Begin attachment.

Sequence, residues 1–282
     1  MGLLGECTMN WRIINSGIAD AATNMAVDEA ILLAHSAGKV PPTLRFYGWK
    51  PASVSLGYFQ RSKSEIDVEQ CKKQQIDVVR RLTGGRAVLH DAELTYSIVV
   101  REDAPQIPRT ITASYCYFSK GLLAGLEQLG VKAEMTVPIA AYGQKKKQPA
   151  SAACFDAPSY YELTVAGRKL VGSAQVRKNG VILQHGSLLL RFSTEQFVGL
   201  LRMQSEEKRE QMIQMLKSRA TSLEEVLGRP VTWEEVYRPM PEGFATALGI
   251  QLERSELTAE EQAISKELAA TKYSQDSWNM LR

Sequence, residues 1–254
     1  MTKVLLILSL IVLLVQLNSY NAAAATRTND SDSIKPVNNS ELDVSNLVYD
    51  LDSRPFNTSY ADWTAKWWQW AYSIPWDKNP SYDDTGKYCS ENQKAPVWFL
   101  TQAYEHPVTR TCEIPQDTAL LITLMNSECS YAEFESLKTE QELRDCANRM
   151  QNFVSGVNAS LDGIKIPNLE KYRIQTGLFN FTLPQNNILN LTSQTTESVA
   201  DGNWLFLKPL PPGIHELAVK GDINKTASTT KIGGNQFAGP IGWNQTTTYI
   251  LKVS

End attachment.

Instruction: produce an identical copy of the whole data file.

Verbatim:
Sequence, residues 1–282
     1  MGLLGECTMN WRIINSGIAD AATNMAVDEA ILLAHSAGKV PPTLRFYGWK
    51  PASVSLGYFQ RSKSEIDVEQ CKKQQIDVVR RLTGGRAVLH DAELTYSIVV
   101  REDAPQIPRT ITASYCYFSK GLLAGLEQLG VKAEMTVPIA AYGQKKKQPA
   151  SAACFDAPSY YELTVAGRKL VGSAQVRKNG VILQHGSLLL RFSTEQFVGL
   201  LRMQSEEKRE QMIQMLKSRA TSLEEVLGRP VTWEEVYRPM PEGFATALGI
   251  QLERSELTAE EQAISKELAA TKYSQDSWNM LR

Sequence, residues 1–254
     1  MTKVLLILSL IVLLVQLNSY NAAAATRTND SDSIKPVNNS ELDVSNLVYD
    51  LDSRPFNTSY ADWTAKWWQW AYSIPWDKNP SYDDTGKYCS ENQKAPVWFL
   101  TQAYEHPVTR TCEIPQDTAL LITLMNSECS YAEFESLKTE QELRDCANRM
   151  QNFVSGVNAS LDGIKIPNLE KYRIQTGLFN FTLPQNNILN LTSQTTESVA
   201  DGNWLFLKPL PPGIHELAVK GDINKTASTT KIGGNQFAGP IGWNQTTTYI
   251  LKVS